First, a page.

South Africa presenting its case at the ICJ.
South Africa presenting its case at the ICJ. Credit: ICJ Credit: ICJ

After more than 100 days of Israel’s brutal campaign in Gaza, global attention has focused on the International Court of Justice (ICJ) at the Hague where South Africa filed a case against Israel for allegedly commiting genocide. South Africa claims that Israel has violated the United Nations’ 1948 Convention on the Prevention and Punishment of the crime of Genocide by targeting the Palestinian people as retribution for Hamas’ actions on October 7. 

Through its application to begin proceedings, South Africa is looking for the ICJ to rule in favour of the implementation of provisional measures that would require Israel to immediately suspend its military operations in Gaza. The ICJ has jurisdiction over South Africa and Israel because both countries signed the 1948 Genocide Convention. 

Over the course of January 11 and 12, South Africa and Israel presented their arguments to the ICJ judges for and against the implementation of provisional measures. Each country was allotted three hours to make their case, which the ICJ reminded should focus solely on the need for provisional measures if Israel is found to be acting with genocidal intent and not whether a genocide is occurring. The Court is now in deliberations and has provided no indication of when a decision will come.

As of the publication of this article, not a single Western country has publicly voiced support for South Africa. On the other hand, South Africa has received widespread support from several Latin American countries, including Colombia, Bolivia, and Brazil, and from the Arab League, the Organization of Islamic Countries, Turkey, Jordan, and several other countries. 

South Africa’s arguments

In South Africa’s application to the ICJ, the State is clear that it believes “Israel’s acts and omissions in relation to Palestinians violate the Genocide Convention.” According to South Africa, the history of “apartheid, expulsion, ethnic cleansing, annexation, occupation, discrimination, and the ongoing denial of the right of the Palestinian people to self-determination” imposed by the State of Israel serves as further proof that Israel has failed to prevent genocide.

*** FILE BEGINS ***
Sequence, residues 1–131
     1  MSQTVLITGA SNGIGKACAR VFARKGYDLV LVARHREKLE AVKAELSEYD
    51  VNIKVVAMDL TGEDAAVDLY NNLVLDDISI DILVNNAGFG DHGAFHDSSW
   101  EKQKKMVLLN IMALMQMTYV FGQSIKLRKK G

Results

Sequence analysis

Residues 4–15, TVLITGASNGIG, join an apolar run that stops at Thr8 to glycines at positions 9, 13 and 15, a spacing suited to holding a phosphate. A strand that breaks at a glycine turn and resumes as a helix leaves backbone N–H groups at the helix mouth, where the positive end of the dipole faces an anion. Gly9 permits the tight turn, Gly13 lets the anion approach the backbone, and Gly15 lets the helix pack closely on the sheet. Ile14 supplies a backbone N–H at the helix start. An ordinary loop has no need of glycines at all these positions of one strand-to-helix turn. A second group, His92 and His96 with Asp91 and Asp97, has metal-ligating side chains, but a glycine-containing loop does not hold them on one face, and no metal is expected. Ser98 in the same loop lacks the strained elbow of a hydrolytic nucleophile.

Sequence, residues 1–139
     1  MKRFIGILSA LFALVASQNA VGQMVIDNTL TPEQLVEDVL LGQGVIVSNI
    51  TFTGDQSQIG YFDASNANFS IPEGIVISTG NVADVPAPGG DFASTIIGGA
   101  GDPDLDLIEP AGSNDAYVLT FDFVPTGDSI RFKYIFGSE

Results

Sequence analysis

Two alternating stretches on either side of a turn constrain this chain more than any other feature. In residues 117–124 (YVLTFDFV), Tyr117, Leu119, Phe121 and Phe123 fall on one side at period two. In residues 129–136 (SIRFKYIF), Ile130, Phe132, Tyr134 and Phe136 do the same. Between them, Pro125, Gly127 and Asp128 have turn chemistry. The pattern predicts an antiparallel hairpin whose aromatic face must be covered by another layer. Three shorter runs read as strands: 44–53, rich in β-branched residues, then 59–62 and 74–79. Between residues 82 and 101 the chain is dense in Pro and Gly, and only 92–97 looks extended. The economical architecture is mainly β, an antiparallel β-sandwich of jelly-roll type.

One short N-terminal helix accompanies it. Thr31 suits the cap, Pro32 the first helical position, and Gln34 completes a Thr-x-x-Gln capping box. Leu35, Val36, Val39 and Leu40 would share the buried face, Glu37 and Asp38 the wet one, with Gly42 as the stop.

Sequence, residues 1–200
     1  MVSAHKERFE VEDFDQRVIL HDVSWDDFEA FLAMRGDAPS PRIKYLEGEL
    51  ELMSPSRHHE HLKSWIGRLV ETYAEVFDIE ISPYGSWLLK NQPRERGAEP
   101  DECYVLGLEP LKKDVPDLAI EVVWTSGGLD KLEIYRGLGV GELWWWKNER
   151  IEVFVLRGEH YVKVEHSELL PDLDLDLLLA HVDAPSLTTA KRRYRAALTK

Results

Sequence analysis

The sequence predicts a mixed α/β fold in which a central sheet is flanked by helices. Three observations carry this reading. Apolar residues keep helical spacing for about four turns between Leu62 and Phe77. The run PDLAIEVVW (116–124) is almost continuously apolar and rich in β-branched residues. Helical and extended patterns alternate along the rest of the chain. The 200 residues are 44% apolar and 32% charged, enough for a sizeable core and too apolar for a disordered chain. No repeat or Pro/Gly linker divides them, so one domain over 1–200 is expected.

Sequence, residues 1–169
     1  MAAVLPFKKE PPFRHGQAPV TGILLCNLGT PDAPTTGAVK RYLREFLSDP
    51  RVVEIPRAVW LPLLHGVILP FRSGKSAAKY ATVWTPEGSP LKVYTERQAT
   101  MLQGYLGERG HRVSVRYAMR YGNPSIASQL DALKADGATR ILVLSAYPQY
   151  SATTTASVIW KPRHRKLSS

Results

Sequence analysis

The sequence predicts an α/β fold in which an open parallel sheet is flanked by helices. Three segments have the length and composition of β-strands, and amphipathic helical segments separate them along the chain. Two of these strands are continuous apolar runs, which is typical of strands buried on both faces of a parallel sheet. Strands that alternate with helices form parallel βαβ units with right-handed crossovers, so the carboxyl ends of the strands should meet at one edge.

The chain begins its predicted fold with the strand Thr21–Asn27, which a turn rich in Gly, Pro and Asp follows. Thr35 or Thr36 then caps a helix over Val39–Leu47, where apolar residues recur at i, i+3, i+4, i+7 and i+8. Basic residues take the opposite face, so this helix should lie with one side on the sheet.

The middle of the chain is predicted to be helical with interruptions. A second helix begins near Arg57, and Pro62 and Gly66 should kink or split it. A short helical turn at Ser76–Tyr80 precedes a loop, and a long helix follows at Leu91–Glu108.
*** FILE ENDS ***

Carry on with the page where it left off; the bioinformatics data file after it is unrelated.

Vusi Madonsela, the Ambassador Extraordinary Plenipotentiary of the Republic of South Africa to the Kingdom of the Netherlands’ Mission in The Hague, gave South Africa’s introductory statement. After thanking the Court for its speed in scheduling a date for the hearings—the case was only filed on December 29—he moved on to summarize South Africa’s view of the “ongoing Nakba of the Palestinian people through Israel’s colonization since 1948.” 

The substantive opening statement given on behalf of South Africa by the country’s Minister of Justice and Correctional Services, Ronald Lamola, followed, as did arguments from six legal counsellors for why the ICJ should impose provisional measures on Israel for transgressing Article II of the Genocide Convention. 

According to Adila Hassim, the first of the six councillors to speak, Israel has violated the Genocide Convention in five ways: Widespread killing of Palestinians because of their belonging to a particular group, inflicting immense bodily and mental harm by excessively and indiscriminately bombing Gaza, forcing the collapse of the healthcare system in Gaza, imposing sanctions that deliberately cut off access to essential conditions of life with the purpose of destroying the Palestinian people, and preventing further births of Palestinians through the combination of the previously listed conditions.